Some thoughts on writing a middle grade novel
I’ve been working hard these past few months to finish up the first draft of Winterwatch. What’s Winterwatch? It’s a Norse-inspired middle grade novel set in a secondary world. It features a boy named Hadrian whose life changes when Llorn Lightbane, the son of the dark god, comes to the Bryndlholt forest in search of… Well, what he’s in search of is part of the mystery of the story, so I’ll leave it at that for now, but I’m proud of the world and the story that’s come from it. It focuses largely on Hrindegaard, a village built in the upper reaches of a forest with thousand-foot-tall trees and great prowling wyrms and flying lynx. A war has been brewing in the holt, and it threatens the stability of the nine worlds. Elding and dvergr and jotun visit from neighboring worlds for a council called by King Justus, but as they do, Llorn resurfaces, and it falls to young Hadrian, and his friends Eiren and Irik, to find out what he wants and to prevent him from getting it.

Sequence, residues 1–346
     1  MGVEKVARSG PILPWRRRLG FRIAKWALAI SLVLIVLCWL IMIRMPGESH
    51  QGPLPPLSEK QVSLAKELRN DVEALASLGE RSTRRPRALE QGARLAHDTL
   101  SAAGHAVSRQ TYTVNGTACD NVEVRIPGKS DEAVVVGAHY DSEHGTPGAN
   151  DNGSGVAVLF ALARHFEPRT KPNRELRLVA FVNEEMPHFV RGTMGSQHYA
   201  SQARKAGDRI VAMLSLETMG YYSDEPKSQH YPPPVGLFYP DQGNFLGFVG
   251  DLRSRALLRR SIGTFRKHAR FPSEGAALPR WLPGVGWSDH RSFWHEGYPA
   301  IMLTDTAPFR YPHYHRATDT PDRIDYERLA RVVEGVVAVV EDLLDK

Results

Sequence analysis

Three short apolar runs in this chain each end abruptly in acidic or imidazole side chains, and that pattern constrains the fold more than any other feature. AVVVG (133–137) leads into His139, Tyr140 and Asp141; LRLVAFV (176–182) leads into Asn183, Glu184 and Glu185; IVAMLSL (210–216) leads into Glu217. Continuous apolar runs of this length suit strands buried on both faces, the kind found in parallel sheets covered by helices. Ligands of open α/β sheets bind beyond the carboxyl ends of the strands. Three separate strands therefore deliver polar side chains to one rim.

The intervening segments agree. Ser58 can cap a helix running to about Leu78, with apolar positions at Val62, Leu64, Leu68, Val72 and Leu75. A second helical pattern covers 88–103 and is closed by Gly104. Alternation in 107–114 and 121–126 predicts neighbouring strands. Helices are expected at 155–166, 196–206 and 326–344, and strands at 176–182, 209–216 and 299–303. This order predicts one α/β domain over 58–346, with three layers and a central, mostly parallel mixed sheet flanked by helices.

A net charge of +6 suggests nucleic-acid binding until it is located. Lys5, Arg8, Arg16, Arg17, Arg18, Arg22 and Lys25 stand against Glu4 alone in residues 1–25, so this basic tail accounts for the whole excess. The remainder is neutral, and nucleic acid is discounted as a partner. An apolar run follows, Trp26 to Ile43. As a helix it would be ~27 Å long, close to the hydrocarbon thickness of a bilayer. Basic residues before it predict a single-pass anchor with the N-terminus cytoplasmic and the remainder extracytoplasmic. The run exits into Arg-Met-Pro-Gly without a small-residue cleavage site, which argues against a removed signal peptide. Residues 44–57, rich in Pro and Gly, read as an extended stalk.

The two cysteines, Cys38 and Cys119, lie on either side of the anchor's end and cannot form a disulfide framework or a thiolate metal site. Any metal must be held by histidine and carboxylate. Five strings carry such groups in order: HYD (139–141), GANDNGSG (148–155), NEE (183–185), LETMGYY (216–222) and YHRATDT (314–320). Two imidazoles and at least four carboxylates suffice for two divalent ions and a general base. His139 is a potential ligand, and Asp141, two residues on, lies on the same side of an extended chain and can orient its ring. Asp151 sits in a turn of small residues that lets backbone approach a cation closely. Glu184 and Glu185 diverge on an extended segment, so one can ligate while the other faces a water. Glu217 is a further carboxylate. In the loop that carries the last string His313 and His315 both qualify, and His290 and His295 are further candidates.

About a month ago, I finished up the zeroth draft of the novel. The zeroth draft is the raw, unfinished manuscript, the point at which I type “the end” for the first time. I usually have a ton of notes about what I want to change about the ms sprinkled throughout or jotted down in a separate file. I allow myself to continue a draft by taking these notes, but because I take time to redirect plot or character for any major changes, they often won’t cause me tons and tons of rework. (My basic rule is to stop and rewrite during a draft only if it’s something that would cause me problems if I don’t fix it now.) So usually what I have by the time I’m done with the zeroth draft is a somewhat-creaky-but-mostly-stable story and a few dozen changes that need to be implemented.
It’s that next draft that really starts pulling the story together, the work that gets me to the true first draft—a readable draft, in other words. I don’t show people zeroth drafts. Only after the first draft is done will I let alpha readers take a look. (As a small aside, I do create exploratory drafts—very early drafts that allow me to see if I even like the world and the story enough to continue to write it—and I do show those drafts around to get a fresh set of eyes on the project. But I digress…) I’ve come to enjoy rewrites, a lot more than I used to. I do get a ton of good work done in those drafts, and often the story doesn’t really come alive until that stage. And that’s because the grand tent, so formless and saggy before, is becoming tighter, its shape more defined.